Here's the last of my retrospective articles inspired by my 50th birthday. It was the hardest one to write, because it involved the toughest choices in the music I love most. This is nothing like my Top 111 Composers list, where I'm relatively objective and tried to cover a representative sampling of major works; here I'm totally subjective. These are favorite recordings, and/or milestones in my listening life. So there are two sets of Chopin’s Nocturnes, and no Beethoven symphonies, and no Mozart at all. Don’t read anything into that. Going year by year, that's just how it worked out. Sviatoslav Richter is my favorite pianist, but he's not here (though if I'd been born earlier, his Prague-recorded "Appassionata" Sonata or his 1960 Carnegie Hall concert would've been included).
This is Mompou’s complete Música Callada plus the very compatible bonus track of “Secreto” from Impresiones intimas. Federico Mompou (1893-1987) was a Spanish composer (half French, half Catalan) who spent many years living in Paris and was part of the same scene as Poulenc, Milhaud, and others between the World Wars. He was basically a miniaturist Impressionist whose main concern was with piano sonority, with influences of Chopin, Satie, Scriabin, and some contemporaries filtered through Mompou’s highly distinctive personal style, the fully mature epitome of which is Música Callada.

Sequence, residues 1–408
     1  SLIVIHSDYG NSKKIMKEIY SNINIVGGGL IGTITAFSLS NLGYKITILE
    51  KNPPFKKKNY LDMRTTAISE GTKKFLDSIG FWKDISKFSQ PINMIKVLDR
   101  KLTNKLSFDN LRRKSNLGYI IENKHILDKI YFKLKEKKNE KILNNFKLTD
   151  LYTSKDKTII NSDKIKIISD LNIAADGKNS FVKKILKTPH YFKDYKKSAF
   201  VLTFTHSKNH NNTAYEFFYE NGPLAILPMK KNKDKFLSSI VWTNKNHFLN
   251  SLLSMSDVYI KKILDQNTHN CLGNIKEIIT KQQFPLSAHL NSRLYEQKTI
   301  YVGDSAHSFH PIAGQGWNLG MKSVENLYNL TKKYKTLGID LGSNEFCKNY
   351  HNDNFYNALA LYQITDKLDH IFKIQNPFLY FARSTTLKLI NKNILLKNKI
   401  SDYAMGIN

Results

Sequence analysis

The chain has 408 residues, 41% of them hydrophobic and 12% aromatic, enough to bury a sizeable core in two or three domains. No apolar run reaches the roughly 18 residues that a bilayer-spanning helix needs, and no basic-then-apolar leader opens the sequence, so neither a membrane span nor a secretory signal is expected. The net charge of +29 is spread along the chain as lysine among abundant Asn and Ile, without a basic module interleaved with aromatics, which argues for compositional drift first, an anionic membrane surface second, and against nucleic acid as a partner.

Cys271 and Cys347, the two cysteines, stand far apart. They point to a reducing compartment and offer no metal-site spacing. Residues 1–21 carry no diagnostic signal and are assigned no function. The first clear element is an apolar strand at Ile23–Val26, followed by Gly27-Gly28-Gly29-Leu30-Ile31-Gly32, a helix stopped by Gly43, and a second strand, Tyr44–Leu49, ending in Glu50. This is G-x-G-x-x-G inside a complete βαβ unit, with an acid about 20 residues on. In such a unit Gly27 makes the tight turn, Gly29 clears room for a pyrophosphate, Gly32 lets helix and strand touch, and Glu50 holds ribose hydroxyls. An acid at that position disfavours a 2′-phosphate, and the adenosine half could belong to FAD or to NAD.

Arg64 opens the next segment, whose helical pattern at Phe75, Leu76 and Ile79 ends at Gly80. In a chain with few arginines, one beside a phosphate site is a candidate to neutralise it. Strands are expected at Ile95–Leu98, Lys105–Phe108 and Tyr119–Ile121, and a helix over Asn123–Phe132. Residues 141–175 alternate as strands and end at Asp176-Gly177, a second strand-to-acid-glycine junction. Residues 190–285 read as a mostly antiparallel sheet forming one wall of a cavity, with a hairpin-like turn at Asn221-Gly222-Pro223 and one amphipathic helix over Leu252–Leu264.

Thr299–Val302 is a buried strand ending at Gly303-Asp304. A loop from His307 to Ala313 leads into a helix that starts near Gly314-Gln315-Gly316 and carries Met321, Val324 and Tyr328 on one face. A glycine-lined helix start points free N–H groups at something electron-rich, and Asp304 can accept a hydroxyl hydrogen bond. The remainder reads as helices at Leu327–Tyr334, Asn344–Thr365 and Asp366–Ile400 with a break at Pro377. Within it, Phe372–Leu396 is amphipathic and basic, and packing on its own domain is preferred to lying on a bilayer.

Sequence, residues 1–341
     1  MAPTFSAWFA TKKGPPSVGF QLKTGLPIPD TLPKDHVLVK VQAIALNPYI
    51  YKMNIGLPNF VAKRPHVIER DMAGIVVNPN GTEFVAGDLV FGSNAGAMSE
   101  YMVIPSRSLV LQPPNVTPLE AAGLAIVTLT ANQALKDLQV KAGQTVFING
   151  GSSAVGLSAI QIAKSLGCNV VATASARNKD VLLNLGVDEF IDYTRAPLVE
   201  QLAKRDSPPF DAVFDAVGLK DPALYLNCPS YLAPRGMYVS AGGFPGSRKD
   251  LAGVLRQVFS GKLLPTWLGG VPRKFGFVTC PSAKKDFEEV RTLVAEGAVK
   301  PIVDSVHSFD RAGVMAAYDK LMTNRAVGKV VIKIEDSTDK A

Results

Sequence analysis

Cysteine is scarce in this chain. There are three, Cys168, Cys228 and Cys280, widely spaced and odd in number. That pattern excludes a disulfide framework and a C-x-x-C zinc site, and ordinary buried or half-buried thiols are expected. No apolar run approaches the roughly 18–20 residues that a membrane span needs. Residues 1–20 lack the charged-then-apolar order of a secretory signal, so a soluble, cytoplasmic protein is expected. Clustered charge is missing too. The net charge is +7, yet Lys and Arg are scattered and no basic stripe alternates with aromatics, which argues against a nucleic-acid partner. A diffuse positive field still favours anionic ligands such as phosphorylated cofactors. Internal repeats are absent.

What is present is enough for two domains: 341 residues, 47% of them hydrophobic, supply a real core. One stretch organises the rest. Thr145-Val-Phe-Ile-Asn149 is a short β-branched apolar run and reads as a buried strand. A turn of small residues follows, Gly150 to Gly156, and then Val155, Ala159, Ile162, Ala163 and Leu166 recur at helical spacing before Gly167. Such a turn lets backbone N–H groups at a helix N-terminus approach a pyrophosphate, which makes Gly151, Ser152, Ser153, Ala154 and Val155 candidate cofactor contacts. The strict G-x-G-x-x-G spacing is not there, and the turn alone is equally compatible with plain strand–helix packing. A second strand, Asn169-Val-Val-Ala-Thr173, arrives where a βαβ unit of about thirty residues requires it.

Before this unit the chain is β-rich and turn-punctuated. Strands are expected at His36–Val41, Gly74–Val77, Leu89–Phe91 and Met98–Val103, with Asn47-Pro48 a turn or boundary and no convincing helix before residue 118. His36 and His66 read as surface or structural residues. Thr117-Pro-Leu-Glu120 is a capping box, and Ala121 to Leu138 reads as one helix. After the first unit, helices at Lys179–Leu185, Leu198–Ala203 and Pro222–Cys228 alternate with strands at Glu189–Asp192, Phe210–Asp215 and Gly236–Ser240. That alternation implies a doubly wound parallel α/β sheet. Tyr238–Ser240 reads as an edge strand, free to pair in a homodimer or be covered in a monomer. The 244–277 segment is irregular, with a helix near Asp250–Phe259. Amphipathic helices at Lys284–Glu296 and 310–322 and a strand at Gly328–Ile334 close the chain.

As I wrote when I did this for jazz, my 50th birthday on March 29 put me in a retrospective mood. But rather than make lists of favorite albums that would cluster around my formative years (lots of '70s and '80s stuff), I decided to go a year at a time for a more nuanced and less obvious set of albums. Of course, I wasn't listening to any music at first, and not to albums until 1969, but we all discover some music not when it comes out, but years later when we explore territory new to us, and this list reflects that. Starting in the '80s, though, most of my choices do match my listening at that time.
My 50th birthday is today, March 29, which has me feeling retrospective. I could just make lists of favorite albums, but that would mostly cluster around my formative years (lots of '70s and '80s stuff). Going a year at a time produced a more nuanced and less obvious set of albums. I’ll be doing lists for classical and rock/pop as well. Thanks for indulging me, it’s the best birthday present.
1961 - Bill Evans: Sunday at the Village Vanguard (Riverside)
Of course, in 1961 I wasn't actually listening to this album. In fact, it took me a long time to get into Bill Evans outside of his work with Miles Davis. My adverse reaction came from all his bad piano-lounge imitators biasing me against his style. Eventually I got past that and then all the poetic intensity of his playing made sense to me.
Matthew Shipp, solo - Live in Paris - January 28, 2011
Matthew Shipp Trio - Live at (Le) Poisson Rouge, NYC - March 7, 2011
Recognizable materials: Piano Pianist Standards / or at least fragments of such important Improvisation.